GOP memo deflects some gun questions to 'violence from the left'

House Republicans recently circulated a memo with talking points on gun violence that seeks to pivot toward highlighting "violence from the left" when faced with questions about the influence of white nationalism.

A memo by Rep. Richard HudsonRichard Lane HudsonGirls Little League softball champions get invitation to White House GOP memo deflects some gun questions to 'violence from the left' Thirty-four GOP members buck Trump on disaster bill MORE (R-N.C.) dated Aug. 6 and circulated by the House Republican Conference to rank-and-file members offers Republicans suggestions for how to respond to questions about their resistance to more gun restrictions.

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“In most cases, the media coverage has portrayed Democrats as caring and trying to do something and Republicans as uncaring and unwilling to do anything,” Hudson wrote in the memo obtained by The Hill. “The truth is all Americans are affected by these shootings, and we all want to do something.”

Hudson is allied with GOP leadership and a vocal supporter of gun rights who authored concealed-carry reciprocity legislation that passed in the last Congress while Republicans controlled the House.

Hudson said Republicans can point to legislation while they controlled the House in the last Congress to impose penalties on government agencies that fail to report to the National Instant Criminal Background Check System and allow concealed-carry reciprocity if they’re asked what they've done to combat mass shootings.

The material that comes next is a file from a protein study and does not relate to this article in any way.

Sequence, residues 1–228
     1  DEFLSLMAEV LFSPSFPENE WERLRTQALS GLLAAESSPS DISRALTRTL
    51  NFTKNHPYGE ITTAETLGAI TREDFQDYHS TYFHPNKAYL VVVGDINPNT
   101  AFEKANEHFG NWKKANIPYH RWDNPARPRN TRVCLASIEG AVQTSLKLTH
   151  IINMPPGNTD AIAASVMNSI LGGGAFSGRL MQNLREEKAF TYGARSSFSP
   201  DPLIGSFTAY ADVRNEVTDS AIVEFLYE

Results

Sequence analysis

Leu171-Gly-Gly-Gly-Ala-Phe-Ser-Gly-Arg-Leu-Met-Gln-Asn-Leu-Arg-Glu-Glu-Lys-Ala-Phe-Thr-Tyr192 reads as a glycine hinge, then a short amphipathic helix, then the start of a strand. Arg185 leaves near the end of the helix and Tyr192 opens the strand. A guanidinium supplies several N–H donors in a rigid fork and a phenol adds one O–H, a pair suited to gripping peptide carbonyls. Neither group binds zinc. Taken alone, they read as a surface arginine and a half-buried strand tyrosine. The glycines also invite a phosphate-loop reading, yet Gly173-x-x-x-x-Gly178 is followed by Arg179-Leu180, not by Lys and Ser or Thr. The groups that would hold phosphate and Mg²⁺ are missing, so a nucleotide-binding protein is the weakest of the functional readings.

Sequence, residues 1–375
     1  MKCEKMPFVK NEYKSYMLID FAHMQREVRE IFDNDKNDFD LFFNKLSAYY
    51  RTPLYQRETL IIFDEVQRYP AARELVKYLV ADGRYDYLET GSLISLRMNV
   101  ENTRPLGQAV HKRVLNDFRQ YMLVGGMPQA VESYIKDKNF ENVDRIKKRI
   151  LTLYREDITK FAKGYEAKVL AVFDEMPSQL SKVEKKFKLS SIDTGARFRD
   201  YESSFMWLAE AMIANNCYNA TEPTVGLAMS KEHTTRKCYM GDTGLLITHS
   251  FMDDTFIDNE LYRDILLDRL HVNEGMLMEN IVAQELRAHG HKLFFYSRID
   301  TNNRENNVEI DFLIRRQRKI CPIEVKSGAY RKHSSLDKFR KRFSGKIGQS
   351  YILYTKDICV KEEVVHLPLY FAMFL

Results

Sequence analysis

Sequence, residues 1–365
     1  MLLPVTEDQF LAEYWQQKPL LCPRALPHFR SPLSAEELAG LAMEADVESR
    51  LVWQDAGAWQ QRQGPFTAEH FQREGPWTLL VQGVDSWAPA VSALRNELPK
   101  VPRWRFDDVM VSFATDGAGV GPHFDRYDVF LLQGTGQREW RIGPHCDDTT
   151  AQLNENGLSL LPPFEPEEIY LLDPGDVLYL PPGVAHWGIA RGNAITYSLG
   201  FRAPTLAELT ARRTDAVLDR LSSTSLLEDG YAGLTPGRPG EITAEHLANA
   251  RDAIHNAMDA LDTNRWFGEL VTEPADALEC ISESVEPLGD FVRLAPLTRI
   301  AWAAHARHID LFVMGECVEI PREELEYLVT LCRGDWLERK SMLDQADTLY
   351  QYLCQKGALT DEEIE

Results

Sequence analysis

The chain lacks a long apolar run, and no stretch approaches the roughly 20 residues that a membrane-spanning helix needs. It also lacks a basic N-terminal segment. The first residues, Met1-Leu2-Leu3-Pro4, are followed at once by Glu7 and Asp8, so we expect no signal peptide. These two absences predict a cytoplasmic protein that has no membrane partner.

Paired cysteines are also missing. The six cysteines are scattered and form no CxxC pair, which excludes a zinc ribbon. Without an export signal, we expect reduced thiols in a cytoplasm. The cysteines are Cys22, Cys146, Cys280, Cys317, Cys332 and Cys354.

House Democrats have been calling on Senate Majority Leader Mitch McConnellAddison (Mitch) Mitchell McConnellLawmakers run into major speed bumps on spending bills Budowsky: Donald, Boris, Bibi — The right in retreat Hillicon Valley: Zuckerberg to meet with lawmakers | Big tech defends efforts against online extremism | Trump attends secretive Silicon Valley fundraiser | Omar urges Twitter to take action against Trump tweet MORE (R-Ky.) to cut the upper chamber's August recess short to pass their legislation to expand background checks for gun sales in light of mass shootings this month in Dayton, Ohio, and El Paso, Texas.

McConnell has rejected the idea, saying there needs to be “bipartisan discussion” first about what lawmakers can pass.

The shooting suspect in El Paso allegedly targeted Mexicans when he opened fire at a Walmart. The suspect also allegedly published an anti-immigrant manifesto decrying a “Hispanic invasion of Texas.”

Hudson’s suggestion for Republicans facing the question “Do you believe white nationalism is driving more mass shootings recently” was to make a point of also condemning “violence from the left" to highlight history of violence on both sides. While the memo makes a point of rebuking white nationalism, it also makes the argument that there's extremism on the left as well.

“White nationalism and racism are pure evil and cannot be tolerated in any form,” the memo states, citing resolutions the House has passed this year to condemn white nationalism — coming in the aftermath of controversial comments from Rep. Steve KingSteven (Steve) Arnold KingOcasio-Cortez rips Steve King after he shares video drinking from toilet-fountain hybrid at border Steve King says he drank from toilet at detention center Steve King jokes about China forcing Muslims to eat pork MORE (R-Iowa) — and anti-Semitism.

But the memo goes on to state: “We also can't excuse violence from the left such as the Dayton shooter, the recent Colorado shooters, the Congressional baseball shooter, Congresswoman Gabrielle Giffords's shooter, and Antifa.”